Senate Judiciary and Labor Chair Clayton Hee and his committee members are backing a request by sex trafficking advocates to put a stop to the practice through new legislation that also aims to strengthen Hawaii’s anti trafficking laws.
Kathryn Xian, head of Pacific Alliance to Stop Slavery, and a Democratic congressional candidate for district 1, helped to draft House Bill 1926 Relating to Crime, which will be amended by the Senate by next Friday to prevent the practice.
Xian said the legislation, should it pass the full Senate and House and be approved by the Governor, will help protect victims of sex trafficking from police misconduct.
“There is no reason for law enforcement to use sexual penetration during the course of prostitution or sex-trafficking investigations,” said Xian. “Doing so opens the door to police misconduct and sexual assault of victims, while also hindering investigation of misconduct when it does occur.”
Xian has helped more than 100 victims of human trafficking, some she said endured unsolicited sexual actions by police.
Preventing child victims from being additionally traumatized by police abusing their power is Xian’s main focus.
“None of the survivors with whom I’ve worked have ever ‘cop checked’ a man to see if he was a law enforcement officer,” said Xian. “Pimps routinely tell victims, especially children, that police will take advantage of them, which this lapse in our law invites cops to do.”
The exemption in the law has garnered Hawaii international attention this week.
The Honolulu Police Department did not appear at the Friday hearing. Hee called the Department’s absence “deafening.”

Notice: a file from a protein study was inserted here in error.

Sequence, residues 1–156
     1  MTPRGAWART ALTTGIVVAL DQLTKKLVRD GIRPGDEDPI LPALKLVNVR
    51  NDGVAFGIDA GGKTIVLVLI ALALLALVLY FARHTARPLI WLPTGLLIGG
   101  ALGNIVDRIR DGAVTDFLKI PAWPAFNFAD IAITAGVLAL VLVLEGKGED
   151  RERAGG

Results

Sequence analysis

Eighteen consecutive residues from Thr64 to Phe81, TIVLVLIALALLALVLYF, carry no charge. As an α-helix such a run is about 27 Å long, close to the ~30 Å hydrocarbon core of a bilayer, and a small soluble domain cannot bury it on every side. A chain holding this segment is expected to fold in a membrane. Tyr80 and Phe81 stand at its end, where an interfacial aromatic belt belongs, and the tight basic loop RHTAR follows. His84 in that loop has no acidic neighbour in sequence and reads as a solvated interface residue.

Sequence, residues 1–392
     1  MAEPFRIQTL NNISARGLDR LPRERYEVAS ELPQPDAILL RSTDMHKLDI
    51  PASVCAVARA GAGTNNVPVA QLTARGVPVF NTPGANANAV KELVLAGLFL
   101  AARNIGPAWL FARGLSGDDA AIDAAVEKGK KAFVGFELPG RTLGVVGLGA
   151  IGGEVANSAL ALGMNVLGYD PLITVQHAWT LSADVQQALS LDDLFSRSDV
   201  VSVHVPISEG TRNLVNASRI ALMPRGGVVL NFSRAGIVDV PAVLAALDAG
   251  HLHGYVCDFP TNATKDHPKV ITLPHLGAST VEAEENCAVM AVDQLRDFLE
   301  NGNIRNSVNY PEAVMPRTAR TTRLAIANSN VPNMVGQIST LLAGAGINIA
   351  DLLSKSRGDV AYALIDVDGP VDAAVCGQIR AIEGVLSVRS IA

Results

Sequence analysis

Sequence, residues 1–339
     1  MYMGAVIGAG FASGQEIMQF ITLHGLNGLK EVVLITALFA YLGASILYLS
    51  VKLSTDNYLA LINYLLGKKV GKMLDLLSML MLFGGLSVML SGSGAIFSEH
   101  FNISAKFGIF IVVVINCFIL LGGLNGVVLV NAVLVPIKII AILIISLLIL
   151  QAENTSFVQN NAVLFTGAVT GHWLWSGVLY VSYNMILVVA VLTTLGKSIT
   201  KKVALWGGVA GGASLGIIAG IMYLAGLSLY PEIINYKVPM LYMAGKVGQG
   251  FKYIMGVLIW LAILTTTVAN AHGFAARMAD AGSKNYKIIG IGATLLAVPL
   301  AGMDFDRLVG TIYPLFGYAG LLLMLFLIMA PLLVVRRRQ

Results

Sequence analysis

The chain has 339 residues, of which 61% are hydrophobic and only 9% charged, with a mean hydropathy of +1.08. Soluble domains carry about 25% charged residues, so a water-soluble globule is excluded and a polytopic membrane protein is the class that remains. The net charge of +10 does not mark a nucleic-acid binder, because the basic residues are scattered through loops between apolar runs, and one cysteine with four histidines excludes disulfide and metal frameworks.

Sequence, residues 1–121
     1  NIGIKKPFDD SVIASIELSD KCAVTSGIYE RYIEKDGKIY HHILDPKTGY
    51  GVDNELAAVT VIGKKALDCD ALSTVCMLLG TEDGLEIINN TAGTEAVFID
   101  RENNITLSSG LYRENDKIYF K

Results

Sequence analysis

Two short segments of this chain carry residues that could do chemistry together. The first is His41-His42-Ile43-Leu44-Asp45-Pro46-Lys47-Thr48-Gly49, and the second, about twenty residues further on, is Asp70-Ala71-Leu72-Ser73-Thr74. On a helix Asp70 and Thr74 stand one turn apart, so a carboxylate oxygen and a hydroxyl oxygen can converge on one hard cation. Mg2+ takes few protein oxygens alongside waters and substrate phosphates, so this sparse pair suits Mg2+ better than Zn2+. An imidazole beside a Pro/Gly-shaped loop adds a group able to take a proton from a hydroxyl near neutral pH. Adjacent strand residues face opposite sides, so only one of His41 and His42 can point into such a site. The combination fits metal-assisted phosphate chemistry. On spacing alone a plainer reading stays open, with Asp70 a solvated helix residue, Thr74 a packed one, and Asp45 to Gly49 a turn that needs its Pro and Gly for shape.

During an earlier House Judiciary Committee hearing on the bill, Honolulu Police Major Jerry Inouye asked committee members to keep the exemption.
“The procedures and conduct of the undercover officers are regulated by department rules, which by nature have to be confidential. Because if prostitution suspects, pimps and other people are privy to that information, they’re going to know exactly how far the undercover officer can and cannot go,” said Inouye.
Those combating sex trafficking in Hawaii have had an increasingly difficult time stopping the practice and the number of victims is on the rise.
There are some 100,000 ads for Hawaii-based prostitution services posted online each year, including ads for massage, relaxation, spa, escort or body rubs. Many providing these services are Hawaii children.
Pimps looking to traffic Hawaii’s children in the sex trade are using social media such as Facebook to do research on the children and their friends and family before contacting them, and finding their victims at shopping malls and at the beach.
They are also using a network of children to bring other children as young as 11 years old into the sex trafficking trade. They are often recruited at school. The average age of kids who are recruited in Hawaii is 13 years old, Xian said.
Courage House Hawaii, another non-profit working to stop sex trafficking in Hawaii, has launched a new program in Hawaii’s public and private schools to teach children in middle school and high school about how to avoid becoming sex trafficking victims.
The organization has also initiated a capital campaign to raise money to buy a safe house on Hawaii’s north shore where child victims of sex trafficking can be rehabilitated.
Both federal and state law enforcement here acknowledge Hawaii has a serious sex trafficking problem.
Xian is one of several advocates for trafficking victims who has helped get laws passed during the last two previous legislative sessions to strengthen Hawaii’s anti trafficking laws and a number of bills she helped draft are being considered as well this session.